The GDPR: How it changed the data protection landscape and how it can be improved

Της Cecilia Dahl

On the 24th June 2020, the European Commission published their hotly anticipated two-year General Data Protection Regulation (GDPR) implementation report. This report looked at all of the key topics and areas that the GDPR has impacted and the areas upon which it will require some improvement and clarification. The report also hails the undoubted success of the GDPR and its achievements, most notably creating the foundation of a truly European data protection culture.

For businesses, the GDPR has been immensely successful in shining a spotlight on digital privacy, data protection rules and privacy policies. With the principles of transparency, lawfulness and fairness at its core, the regulation has provided much-needed clarity as to what organisations can and cannot do with personal data, and has placed data protection at the forefront of companies’ and citizens’ minds.

However, although the GDPR was a significant success and milestone for data protection rules, there still is still some room for improvement. There is a need for further harmonisation amongst the European Member States alongside up-to-date guidelines and interpretation with regards to the certain provisions that would be impactful to the uptake of emerging technologies.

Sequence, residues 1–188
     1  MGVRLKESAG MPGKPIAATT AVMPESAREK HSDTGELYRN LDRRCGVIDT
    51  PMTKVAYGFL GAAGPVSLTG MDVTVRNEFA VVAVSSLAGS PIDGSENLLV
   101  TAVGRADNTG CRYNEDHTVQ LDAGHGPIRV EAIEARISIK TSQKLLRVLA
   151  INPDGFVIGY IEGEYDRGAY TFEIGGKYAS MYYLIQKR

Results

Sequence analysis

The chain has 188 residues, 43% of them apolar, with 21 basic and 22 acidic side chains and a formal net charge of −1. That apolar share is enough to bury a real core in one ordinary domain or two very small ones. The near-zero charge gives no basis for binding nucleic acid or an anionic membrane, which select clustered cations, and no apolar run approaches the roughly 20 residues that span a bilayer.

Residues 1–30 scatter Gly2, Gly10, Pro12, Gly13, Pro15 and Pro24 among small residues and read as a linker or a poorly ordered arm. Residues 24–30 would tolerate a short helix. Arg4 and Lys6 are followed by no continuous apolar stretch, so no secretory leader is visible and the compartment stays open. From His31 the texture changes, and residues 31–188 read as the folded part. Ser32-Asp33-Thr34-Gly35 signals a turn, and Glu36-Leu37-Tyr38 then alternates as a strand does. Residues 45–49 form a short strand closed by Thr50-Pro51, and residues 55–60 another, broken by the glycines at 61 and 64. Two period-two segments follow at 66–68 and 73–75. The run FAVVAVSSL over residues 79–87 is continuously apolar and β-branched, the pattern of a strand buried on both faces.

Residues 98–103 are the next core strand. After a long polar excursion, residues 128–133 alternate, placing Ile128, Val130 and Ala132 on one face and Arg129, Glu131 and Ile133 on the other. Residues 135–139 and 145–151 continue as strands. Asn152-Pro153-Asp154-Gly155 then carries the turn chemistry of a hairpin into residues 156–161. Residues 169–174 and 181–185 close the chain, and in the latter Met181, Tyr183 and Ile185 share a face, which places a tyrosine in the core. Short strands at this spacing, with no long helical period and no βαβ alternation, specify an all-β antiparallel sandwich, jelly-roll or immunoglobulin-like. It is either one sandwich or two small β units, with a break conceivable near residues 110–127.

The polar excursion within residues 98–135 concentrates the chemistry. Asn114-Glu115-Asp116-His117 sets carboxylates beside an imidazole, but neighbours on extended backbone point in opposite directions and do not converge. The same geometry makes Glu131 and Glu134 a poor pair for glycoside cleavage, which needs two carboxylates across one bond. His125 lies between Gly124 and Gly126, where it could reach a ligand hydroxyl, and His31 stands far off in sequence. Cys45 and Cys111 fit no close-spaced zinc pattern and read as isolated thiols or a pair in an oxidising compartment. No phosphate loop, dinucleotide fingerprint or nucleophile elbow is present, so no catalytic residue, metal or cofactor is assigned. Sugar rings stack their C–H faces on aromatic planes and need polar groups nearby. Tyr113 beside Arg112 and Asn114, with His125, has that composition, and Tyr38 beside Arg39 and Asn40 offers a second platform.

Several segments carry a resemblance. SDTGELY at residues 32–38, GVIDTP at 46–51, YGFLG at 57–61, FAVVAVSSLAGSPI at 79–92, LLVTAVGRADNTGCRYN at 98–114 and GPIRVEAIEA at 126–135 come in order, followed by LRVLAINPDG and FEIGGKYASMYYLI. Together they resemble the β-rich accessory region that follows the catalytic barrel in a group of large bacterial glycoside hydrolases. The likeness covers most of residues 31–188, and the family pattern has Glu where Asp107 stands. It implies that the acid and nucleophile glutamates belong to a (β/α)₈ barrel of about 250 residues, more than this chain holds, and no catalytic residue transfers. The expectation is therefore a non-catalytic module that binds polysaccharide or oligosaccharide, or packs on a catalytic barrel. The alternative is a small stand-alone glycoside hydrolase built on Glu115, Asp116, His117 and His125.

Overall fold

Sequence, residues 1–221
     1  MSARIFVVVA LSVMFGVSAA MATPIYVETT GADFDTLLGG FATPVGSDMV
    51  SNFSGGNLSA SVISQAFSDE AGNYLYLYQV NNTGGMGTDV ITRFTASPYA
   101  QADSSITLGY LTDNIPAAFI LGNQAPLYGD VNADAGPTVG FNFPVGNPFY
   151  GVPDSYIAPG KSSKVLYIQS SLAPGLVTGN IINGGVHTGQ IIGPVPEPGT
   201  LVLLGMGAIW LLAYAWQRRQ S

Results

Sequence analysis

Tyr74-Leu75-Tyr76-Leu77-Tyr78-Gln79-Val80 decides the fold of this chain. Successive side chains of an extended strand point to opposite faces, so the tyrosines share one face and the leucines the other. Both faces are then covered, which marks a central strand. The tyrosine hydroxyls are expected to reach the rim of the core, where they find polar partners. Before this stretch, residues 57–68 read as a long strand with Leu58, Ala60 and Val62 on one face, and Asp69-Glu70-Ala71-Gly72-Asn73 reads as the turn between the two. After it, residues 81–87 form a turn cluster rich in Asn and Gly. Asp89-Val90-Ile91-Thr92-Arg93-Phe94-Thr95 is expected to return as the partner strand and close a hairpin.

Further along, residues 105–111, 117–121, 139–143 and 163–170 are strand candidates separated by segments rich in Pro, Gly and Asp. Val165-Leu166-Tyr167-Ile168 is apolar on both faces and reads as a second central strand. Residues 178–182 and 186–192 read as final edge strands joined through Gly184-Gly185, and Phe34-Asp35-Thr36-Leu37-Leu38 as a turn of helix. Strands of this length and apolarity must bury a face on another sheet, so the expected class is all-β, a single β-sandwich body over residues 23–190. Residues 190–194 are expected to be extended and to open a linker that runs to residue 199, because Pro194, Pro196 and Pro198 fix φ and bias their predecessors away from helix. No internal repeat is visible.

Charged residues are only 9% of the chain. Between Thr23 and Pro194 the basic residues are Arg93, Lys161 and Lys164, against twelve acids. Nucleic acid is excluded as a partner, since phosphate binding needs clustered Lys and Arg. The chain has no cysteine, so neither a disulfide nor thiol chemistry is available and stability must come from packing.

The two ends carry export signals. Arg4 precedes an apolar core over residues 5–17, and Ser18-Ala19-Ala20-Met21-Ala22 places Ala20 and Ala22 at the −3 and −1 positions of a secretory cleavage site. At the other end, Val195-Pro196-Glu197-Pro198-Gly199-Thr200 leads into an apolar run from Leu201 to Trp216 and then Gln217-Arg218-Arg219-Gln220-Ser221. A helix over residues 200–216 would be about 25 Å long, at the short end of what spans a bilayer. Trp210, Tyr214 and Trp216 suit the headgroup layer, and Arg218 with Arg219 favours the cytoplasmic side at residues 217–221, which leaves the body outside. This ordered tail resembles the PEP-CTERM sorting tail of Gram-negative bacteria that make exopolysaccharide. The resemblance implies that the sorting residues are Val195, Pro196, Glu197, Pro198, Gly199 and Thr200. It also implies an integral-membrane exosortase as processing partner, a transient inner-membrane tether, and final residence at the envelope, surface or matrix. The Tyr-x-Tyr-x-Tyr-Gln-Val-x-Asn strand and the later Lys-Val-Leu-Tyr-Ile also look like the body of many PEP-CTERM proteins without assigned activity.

For businesses in particular, the importance of harmonisation amongst Member States rules is paramount to the consistency of operation and to the reduction of barriers for organisations looking to utilize personal data. However, the flexibility of Member State derogations, granted under the GDPR, has allowed for wide variances in some rules.

For example, the GDPR allows for Member States to decide upon the age of consent for children, ranging from 13 to 16 years old. This has resulted in a situation where you have nine Member States setting the age of children consent to 16, eight setting the age for 13, six for 14 and three for 15 years old.

Therefore, a business looking to operate across Europe will need to ensure that their policies are aligned to each Member State, ultimately going against the grain of the harmonisation purpose of the GDPR. This is a clear example of some of the obstacles still standing in the way of Europe being under one harmonised set of data protection rules.

Legal uncertainty for emerging technologies

Although the GDPR is technologically neutral, meaning that it is designed to be future-proof, there still remain some hurdles the GDPR must overcome to prove the accuracy of this principle.

As Europe embraces digitisation, more and more businesses are reliant on emerging technologies such as artificial intelligence (AI), blockchain and the Internet of Things (IoT). The future of European businesses lies in these technologies. The GDPR has to be robust enough for businesses to comfortably harness this new technological horizon.

However, national Data Protection Authorities (DPAs) are each providing and producing their own guidance, which has an impact on European businesses looking to uptake emerging technologies. For example, some DPAs are producing restrictive guidance on the role of ‘consent as a legal basis’ for processing personal data. This restrictive approach could be harmful for the development of AI algorithms as consent must be clear, concise and withdrawable at any point.